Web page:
Rummanah Aasi
 Another Day is the companion novel to David Levithan's widely acclaimed novel, Every Day. Another Day mostly succeeds standing on its own, however, I personally think you would miss its full impact if you did not read Ever Day first.

Description: Every day is the same for Rhiannon. She has accepted her life, convinced herself that she deserves her distant, temperamental boyfriend, Justin, even established guidelines by which to live: Don’t be too needy. Avoid upsetting him. Never get your hopes up.
  Until the morning everything changes. Justin seems to see her, to want to be with her for the first time, and they share a perfect day—a perfect day Justin doesn’t remember the next morning. Confused, depressed, and desperate for another day as great as that one, Rhiannon starts questioning everything. Then, one day, a stranger tells her that the Justin she spent that day with, the one who made her feel like a real person…wasn’t Justin at all.
  In this enthralling companion to his New York Times bestseller Every Day, David Levithan tells Rhiannon’s side of the story as she seeks to discover the truth about love and how it can change you.

Review: In Every Day we explored the universality of love through a gender neutral character named A who inhabits a different body every day. In one of these bodies A was Rhiannon's boyfriend named Justin and they two spent a wonderful day together. Unexpectedly A fell in love with Rhiannon and has tried to pursue a relationship with her, which has been further complicated by A's constantly changing state.
  Another Day recalls this same event, however, we are now seeing things through Rhiannon's point of view. Throughout the book Rhiannon inquires what makes a relationship valuable. One of my main criticisms about Everyday was the lack of character development of Rhiannon. I never understood what was about her that captivated A. This time around I felt I had a better understanding of her, but I didn't really like her as a character.
  In the beginning Rhiannon is a codependent person who uses her rocky relationship with her acerbic boyfriend, Justin, to define herself. While she craves intimacy and emotional attentiveness, he wants distance and wants to hangout or in other words fool around, which feel cold and mechanical. It is clear to everyone around her and indubitable to even to Rhiannon in heart of hearts, that her relationship with Justin is doomed yet her fear to be alone eclipses her logic and it is what keeps her at Justin's side.
 While it was hard seeing Rhiannon defend Justin at his worst moments to her friends and even chastising herself from demanding things that is her right from her boyfriend, I did like how Rhiannon slowly comes into her own person after she encounters A and acknowledges her own needs and desires. With A's constant changing of human bodies from boy to girl, various body types, and backgrounds, Rhiannon has the emotional intimacy that she craves, but can't have the physical relationship that she wants with A. There is a nice contrast between the idealistic world that A would love to live in in which Rhiannon would love him regardless of who A is and the realistic world that Rhiannon has firmly placed her feet on in which she is only attracted to males of a particular type, however, this discussion seems to go on endless circles in Another Day and it began to feel a bit tedious. Readers who have read Every Day will recognize several scenes in Another Day, however the tone is a bit different.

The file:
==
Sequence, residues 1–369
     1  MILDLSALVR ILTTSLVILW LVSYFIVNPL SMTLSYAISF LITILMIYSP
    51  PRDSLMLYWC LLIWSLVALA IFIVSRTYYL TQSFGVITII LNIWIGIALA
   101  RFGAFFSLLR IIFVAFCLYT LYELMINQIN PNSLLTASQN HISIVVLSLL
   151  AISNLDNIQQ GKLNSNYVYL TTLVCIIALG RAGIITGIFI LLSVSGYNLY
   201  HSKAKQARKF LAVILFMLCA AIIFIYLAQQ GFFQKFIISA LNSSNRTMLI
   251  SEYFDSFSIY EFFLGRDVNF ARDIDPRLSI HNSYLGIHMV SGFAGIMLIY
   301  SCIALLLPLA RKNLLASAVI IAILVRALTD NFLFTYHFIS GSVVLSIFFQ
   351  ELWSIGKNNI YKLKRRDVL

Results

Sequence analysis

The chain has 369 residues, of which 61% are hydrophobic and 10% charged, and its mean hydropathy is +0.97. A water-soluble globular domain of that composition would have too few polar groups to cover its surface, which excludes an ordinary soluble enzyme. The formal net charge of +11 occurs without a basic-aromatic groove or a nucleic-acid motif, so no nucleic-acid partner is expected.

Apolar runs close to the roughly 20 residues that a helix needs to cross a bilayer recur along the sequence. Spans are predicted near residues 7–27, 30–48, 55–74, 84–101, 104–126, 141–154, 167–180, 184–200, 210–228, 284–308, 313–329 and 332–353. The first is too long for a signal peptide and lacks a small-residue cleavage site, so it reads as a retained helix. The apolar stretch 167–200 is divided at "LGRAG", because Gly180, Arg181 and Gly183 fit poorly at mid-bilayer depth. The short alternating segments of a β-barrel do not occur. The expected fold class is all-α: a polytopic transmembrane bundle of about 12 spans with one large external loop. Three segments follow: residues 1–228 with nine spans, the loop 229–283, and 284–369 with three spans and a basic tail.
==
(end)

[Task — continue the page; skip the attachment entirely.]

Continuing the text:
Like the ending of Every Day, there is no real conclusion to Another Day and Levithan leaves the door open to a possible another book featuring Rhiannon and A. Personally, I enjoyed Every Day just a bit more because I found A a lot more interesting than Rhiannon. I think readers who enjoyed Every Day will find something new in Another Day and readers who are meeting A for the first time would be intrigued to read Every Day to find more about him/her.       

Rating: 3.5 stars

Words of Caution: There is strong language, underage drinking, and strong sexual content since Rhiannon and Justin are sexually active however these episodes are not graphically depicted. Recommended for Grades 9 and up.

If you like this book try: Every Day by David Levithan, Cycler and Recycler by Lauren McLaughlin
2 Responses
  1. Jenny Says:

    I do tend to struggle with books like this where we get a familiar story just from a different POV as, like you said, some scenes feel tedious because we've already been there. Still this world, and A, sound fascinating, so I think I need to give the first book a try for sure!

  2. Kindlemom Says:

    I've heard pretty good things about this author and I do want to try him but for some reason I'm nervous about trying this series. I do love your review though and it does make me want to try the first book.

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